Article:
Meggie’s father Mo has an unusual gift — he can read characters out of books. Unfortunately, he accidentally discovers his ability while reading from the book Inkheart about a perfectly villainous pair of evildoers, Capricorn and his right-hand man Basta. Meggie and Mo, along with some friends — and another character from Inkheart — must try to combat these villains and repair the damage that Mo’s ‘talent’ has brought about.
Cornelia Funke has been called “the German J. K. Rowling” — her books are bestsellers in Germany and proving popular in the U.S. as well. I certainly enjoyed this book’s celebration of books. From the centrality of books to the plot, to the constant book-related imagery, books are the feature in this fun novel. “Is there anything better than words on the page? Magic signs, the voices of the dead, building blocks to make wonderful worlds better than this one, comforters, companions in loneliness. Keepers of secrets, speakers of the truth . . . all those glorious words.” One of the characters — an author — rejoices in his craft, and for booklovers like me, his words ring true.
The book also at least superficially looks at some interesting and fun ideas. It doesn’t pretend to be the same book as the Inkheart within its plot — Funke isn’t about to attempt the complexity of fellow German Michael Ende, although she has obviously read his work — but it does have some cool moments. I particularly liked scenes where the author of the novel’s Inkheart meets his characters brought to life. He was mighty proud of having created such an evil villain as Capricorn, but meeting him in person is another story!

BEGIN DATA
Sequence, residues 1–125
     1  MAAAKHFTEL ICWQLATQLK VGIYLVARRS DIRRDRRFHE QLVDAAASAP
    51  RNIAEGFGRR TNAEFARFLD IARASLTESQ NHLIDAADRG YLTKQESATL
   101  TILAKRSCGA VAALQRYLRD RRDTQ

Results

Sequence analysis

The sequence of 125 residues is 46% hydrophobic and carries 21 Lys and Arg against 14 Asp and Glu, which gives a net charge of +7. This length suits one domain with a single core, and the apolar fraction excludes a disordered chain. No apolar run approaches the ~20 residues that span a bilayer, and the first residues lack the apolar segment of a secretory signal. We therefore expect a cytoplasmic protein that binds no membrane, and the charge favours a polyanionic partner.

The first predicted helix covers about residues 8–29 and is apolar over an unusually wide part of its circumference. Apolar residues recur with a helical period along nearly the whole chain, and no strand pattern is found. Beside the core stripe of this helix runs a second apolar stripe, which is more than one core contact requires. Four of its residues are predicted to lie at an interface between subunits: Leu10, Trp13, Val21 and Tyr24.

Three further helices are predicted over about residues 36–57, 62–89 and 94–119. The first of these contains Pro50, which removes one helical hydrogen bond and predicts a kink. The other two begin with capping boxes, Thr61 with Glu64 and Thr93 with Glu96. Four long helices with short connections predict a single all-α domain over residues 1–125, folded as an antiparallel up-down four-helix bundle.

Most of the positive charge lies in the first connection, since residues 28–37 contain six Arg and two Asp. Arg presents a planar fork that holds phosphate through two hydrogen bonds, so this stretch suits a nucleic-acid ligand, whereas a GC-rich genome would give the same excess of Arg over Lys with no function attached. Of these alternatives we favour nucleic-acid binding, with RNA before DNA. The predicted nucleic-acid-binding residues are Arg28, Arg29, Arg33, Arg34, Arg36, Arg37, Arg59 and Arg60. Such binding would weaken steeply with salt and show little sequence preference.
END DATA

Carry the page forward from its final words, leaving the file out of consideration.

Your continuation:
Unfortunately the book isn’t as well-written as it might be. The characters are mostly pretty flat (Dustfinger, a hero from the novel who finds himself unsure whether to stick with Capricorn, who is from his world, or oppose him because he’s evil, is an exception). Superficial attempts to create complexity in the characters mostly fail. The book’s main issue, however, is that it’s far too long at 534 pages — some condensing of the rather repetitive and slow-moving plot would have improved it significantly. I can’t comment much on the writing itself, since I don’t know German, but in this translation it’s acceptable though not shining.
Morally the book leaves no real impression either way. The villains are characterized by causing fear and enjoying pain; the heroes are characterized primarily by opposing the villains rather than by having particular ideals of their own, although courage is upheld. (For a traditional fantasy tale, traditional fantasy morality is quite a bit less clearly emphasized than I expected.) An awful lot of lying goes on between Meggie and her father, for no particular reason sometimes, which bothers me in a book meant for kids, but they do have a good father-daughter relationship. Meggie says at one point that her father says God and the devil are imaginary.
A side note: this is the first book I’ve read that makes passing references to Tolkien’s books as classic works of literature — on a level with Peter Pan or Alice in Wonderland — without even mentioning the books’ names. I liked that!
Content note: this children’s book contains mild bad language.